10:29 152 Moses said to Hobab son of Reuel, the Midianite, Moses’ father-in-law, 153  “We are journeying to the place about which the Lord said, ‘I will give it to you.’ Come with us and we will treat you well, 154  for the Lord has promised good things 155  for Israel.” 10:30 But Hobab 156  said to him, “I will not go, but I will go instead to my own land and to my kindred.” 10:31 Moses 157  said, “Do not leave us, 158  because you know places for us to camp in the wilderness, and you could be our guide. 159  10:32 And if you come with us, it is certain 160  that whatever good things the Lord will favor us with, we will share with you as well.”

10:33 So they traveled from the mountain of the Lord three days’ journey; 161  and the ark of the covenant of the Lord was traveling before them during the three days’ journey, to find a resting place for them. 10:34 162  And the cloud of the Lord was over them by day, when they traveled 163  from the camp. 10:35 And when the ark traveled, Moses would say, “Rise up, O Lord! May your enemies be scattered, and may those who hate you flee before you!” 10:36 And when it came to rest he would say, “Return, O Lord, to the many thousands of Israel!” 164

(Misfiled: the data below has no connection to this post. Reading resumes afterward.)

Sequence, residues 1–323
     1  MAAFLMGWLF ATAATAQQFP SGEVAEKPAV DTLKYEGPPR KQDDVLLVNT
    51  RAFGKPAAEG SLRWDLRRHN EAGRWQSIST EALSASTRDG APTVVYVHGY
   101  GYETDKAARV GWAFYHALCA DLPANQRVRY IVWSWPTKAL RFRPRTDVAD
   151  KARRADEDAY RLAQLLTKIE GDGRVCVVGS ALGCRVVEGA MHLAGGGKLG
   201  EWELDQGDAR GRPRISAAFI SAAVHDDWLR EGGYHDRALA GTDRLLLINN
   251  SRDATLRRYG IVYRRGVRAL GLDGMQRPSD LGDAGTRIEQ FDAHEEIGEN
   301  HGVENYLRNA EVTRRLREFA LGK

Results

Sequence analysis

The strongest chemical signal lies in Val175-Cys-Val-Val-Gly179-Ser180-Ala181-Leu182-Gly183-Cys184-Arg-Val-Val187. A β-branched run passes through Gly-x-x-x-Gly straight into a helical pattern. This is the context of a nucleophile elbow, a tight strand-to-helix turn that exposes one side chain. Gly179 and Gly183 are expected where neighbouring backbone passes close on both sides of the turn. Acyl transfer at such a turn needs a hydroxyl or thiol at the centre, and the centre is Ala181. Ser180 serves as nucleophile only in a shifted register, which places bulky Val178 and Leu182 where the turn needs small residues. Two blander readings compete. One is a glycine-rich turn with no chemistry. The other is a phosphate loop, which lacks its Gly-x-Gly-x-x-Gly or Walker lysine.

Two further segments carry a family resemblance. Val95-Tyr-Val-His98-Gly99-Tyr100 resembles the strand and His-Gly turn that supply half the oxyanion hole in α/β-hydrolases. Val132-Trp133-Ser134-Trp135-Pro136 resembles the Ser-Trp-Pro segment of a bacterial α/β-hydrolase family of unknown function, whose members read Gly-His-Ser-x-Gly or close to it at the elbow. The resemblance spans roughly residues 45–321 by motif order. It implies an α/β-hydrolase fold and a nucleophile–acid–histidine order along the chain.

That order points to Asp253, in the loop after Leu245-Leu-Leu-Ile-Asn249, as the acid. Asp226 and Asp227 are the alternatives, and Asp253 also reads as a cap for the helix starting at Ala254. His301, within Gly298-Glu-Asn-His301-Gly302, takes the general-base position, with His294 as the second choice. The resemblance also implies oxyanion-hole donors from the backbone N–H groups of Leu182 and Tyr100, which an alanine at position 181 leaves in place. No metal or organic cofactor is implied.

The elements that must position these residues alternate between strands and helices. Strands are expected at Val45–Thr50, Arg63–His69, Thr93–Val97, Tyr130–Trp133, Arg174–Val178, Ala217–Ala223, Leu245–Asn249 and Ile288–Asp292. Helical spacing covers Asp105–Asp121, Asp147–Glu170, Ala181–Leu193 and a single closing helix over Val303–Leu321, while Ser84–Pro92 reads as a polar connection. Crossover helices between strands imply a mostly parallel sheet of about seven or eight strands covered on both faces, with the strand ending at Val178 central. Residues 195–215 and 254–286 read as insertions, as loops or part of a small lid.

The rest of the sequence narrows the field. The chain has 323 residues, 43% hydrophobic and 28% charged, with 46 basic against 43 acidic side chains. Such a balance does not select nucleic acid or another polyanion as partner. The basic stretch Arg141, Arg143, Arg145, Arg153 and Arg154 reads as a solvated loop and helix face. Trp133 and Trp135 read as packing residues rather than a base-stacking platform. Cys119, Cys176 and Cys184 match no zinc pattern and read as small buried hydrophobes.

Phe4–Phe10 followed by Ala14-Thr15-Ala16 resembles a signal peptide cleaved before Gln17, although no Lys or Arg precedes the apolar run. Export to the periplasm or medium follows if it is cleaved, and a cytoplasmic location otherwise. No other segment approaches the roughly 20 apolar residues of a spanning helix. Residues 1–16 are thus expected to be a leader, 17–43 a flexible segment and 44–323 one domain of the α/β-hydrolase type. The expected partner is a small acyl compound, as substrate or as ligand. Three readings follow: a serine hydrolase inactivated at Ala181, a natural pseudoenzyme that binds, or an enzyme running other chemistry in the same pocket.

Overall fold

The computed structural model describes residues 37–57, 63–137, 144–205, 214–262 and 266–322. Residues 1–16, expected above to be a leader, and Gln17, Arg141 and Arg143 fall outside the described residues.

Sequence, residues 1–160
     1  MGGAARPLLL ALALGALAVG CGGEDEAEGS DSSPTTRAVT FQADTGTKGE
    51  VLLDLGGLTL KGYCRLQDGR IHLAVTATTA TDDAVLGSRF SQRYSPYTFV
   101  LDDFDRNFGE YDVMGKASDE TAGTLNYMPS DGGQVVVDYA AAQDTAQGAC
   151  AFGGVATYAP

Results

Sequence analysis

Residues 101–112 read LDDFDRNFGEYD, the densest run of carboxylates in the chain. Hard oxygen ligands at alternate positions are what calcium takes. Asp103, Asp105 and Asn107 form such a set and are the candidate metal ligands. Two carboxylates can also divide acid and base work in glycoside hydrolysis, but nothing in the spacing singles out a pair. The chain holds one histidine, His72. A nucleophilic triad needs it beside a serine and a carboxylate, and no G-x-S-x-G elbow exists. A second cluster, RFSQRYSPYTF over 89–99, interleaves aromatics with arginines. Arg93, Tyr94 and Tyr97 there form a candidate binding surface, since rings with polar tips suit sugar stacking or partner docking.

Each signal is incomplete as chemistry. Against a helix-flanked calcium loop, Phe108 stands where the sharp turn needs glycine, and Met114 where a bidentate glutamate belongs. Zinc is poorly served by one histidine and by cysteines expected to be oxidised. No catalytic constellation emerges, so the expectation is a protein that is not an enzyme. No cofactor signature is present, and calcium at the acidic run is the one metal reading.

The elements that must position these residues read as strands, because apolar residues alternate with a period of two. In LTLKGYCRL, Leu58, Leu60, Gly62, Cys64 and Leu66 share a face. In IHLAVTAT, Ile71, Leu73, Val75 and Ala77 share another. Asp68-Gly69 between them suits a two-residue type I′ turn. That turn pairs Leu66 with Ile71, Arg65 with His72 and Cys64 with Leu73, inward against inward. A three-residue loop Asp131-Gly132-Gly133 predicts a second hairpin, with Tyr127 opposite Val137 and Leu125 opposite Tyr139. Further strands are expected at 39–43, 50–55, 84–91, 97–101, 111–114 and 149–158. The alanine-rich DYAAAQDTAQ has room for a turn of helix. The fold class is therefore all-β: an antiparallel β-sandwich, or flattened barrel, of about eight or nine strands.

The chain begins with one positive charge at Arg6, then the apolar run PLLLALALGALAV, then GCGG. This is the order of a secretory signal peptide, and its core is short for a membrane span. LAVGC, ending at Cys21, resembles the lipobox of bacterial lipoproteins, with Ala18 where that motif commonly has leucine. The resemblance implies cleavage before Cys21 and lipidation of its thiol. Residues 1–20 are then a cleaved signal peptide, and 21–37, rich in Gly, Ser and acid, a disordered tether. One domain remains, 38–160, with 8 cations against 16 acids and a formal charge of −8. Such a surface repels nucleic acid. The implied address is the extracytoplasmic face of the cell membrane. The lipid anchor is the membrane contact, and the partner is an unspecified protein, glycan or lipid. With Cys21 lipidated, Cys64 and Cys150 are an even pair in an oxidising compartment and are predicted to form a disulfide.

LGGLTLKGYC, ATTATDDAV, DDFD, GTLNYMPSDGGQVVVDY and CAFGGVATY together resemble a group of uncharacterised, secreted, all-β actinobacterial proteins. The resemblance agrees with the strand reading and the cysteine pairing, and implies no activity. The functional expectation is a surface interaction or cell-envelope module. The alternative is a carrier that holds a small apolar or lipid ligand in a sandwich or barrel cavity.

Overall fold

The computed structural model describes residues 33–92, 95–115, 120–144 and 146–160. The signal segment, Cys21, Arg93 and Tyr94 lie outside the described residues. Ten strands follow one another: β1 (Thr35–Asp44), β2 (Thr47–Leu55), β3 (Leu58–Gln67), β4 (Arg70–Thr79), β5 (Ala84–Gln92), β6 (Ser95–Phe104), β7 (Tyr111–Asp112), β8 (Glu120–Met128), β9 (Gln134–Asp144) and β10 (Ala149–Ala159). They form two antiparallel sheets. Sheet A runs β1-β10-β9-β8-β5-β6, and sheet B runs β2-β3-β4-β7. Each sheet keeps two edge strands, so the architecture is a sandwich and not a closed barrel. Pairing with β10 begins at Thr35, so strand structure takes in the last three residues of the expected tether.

1 sn This long and repetitious chapter has several parts to it: the introduction (vv. 1-3), the assigning of gifts (vv. 4-9), the time of presentation (vv. 10-11), and then the tribes (vv. 12-83), and then a summary (vv. 84-89).

2 tn The construction of this line begins with the temporal indicator (traditionally translated “and it came to pass”) and then after the idiomatic “in the day of” (= “when”) uses the Piel infinitive construct from כָּלָה (kalah). The infinitive is governed by the subjective genitive, “Moses,” the formal subject of the clause. The object of the infinitive is the second infinitive, “to set up” (לְהָקִים, lÿhaqim). This infinitive, the Hiphil, serves as the direct object, answering the question of what it was that Moses completed. The entire clause is an adverbial clause of time.